Stories from Hartford's Grassroots
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The Shoeleather History Project conducts walking tours of Hartford’s “history from below.” The ordivnary people who are the real makers of history.
As Howard Zinn said: ” History is not inevitably useful. It can bind us or free us.”
The first route starts and ends at the Old State House, downtown on Central Row. It covers Emma Goldman, James Connolly, Big Bill Haywood, John Brown, union organizer Rebecca Weiner, suffragist Josephine Bennett, artist Alton Tobey, Emmeline Pankhurst, and much more.
The second tour (Charter Oak Avenue to Huyshope Ave.) introduces the boy genius and the golden boy, the Solidarity priest and the radical rabbi, the doctor who was a Puerto Rican revolutionary and the doctor who created the first WMD, struggles of women factory workers, tenants, the unemployed and homeless, Mark Twain, baseball and more.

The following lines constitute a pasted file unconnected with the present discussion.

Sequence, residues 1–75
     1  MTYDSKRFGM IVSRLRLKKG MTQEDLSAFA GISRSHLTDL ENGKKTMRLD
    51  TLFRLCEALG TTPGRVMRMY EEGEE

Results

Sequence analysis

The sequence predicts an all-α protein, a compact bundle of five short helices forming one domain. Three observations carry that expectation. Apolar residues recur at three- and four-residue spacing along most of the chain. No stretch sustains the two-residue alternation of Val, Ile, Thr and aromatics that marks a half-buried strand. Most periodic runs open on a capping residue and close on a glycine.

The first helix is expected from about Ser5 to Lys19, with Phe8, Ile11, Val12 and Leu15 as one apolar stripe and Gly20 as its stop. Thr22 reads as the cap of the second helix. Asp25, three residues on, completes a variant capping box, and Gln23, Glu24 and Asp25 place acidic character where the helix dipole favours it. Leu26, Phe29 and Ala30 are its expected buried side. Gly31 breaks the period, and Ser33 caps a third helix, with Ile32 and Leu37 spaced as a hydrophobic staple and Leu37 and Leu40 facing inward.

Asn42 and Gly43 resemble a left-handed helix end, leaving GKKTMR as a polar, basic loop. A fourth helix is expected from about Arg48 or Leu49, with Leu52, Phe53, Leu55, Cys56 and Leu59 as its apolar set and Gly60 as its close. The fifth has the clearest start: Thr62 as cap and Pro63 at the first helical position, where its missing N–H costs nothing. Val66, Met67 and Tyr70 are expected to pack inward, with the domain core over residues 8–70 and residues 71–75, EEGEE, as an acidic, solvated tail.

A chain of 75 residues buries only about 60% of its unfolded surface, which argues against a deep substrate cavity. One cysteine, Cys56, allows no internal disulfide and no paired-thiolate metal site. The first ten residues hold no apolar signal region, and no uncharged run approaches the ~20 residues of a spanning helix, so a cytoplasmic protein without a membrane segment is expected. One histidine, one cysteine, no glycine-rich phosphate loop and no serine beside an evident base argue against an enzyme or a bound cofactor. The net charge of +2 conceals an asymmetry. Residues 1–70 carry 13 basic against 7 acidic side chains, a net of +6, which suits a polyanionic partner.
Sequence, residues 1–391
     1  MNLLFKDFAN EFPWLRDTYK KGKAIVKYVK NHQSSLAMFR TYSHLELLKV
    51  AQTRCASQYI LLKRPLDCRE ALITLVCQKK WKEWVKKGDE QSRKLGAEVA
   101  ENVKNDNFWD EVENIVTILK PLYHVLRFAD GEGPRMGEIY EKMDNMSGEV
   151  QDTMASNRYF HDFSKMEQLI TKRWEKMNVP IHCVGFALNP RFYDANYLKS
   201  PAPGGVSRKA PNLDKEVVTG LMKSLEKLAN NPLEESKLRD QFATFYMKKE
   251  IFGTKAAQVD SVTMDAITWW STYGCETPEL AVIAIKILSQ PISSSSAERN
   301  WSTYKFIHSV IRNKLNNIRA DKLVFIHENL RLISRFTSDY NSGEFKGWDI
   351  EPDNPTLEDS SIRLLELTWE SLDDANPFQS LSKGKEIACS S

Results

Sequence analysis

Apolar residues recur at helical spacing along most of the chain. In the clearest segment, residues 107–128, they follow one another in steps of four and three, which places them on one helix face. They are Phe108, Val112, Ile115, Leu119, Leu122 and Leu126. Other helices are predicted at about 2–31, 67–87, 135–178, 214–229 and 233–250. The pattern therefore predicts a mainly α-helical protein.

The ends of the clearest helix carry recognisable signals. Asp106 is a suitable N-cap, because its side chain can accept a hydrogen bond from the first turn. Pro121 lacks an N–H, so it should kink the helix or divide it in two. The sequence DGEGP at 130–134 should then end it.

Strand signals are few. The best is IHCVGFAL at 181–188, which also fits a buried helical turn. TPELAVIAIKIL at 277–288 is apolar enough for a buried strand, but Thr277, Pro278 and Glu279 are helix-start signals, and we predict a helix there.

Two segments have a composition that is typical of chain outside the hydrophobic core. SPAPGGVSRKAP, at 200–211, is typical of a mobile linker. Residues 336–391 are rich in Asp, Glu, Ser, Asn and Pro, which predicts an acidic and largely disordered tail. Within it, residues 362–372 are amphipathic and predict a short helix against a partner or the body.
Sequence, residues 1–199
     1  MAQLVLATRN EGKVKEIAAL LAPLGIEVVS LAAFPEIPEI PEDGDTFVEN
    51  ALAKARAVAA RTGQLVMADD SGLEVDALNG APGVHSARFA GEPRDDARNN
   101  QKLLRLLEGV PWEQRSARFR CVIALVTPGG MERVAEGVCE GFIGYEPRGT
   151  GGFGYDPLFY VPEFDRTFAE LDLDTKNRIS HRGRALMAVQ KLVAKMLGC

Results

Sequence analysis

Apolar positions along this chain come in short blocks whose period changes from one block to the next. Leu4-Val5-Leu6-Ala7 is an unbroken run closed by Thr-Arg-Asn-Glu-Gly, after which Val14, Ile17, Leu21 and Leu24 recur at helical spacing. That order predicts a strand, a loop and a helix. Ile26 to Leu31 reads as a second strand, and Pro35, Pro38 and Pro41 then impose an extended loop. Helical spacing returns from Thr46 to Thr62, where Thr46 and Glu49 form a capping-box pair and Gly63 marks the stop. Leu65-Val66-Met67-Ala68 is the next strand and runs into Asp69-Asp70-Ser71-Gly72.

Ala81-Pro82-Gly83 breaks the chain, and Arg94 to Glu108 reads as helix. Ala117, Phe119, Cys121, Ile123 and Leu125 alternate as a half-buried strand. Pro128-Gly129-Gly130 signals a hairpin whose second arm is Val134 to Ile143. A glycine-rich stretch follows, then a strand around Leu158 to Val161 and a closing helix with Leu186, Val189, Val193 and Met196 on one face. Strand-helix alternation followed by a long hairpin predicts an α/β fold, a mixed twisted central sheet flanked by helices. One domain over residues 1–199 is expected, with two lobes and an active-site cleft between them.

The third (current) tour is Union Place, site of the historic train station, the birthplace of the city’s counter culture, the garment workers strike of 1919, and much more. This walk (under an hour) ends up with beer and pizza at the Federal Cafe.
“If there’s a self-guided option available, I usually take it because I need to move at my own pace. Steve Thornton’s walking tours are an exception. He’s engaging, conversational, and though he’s knowledgeable, his stories are not delivered on autopilot. Go to his website and get on his email list to learn about upcoming tour dates.”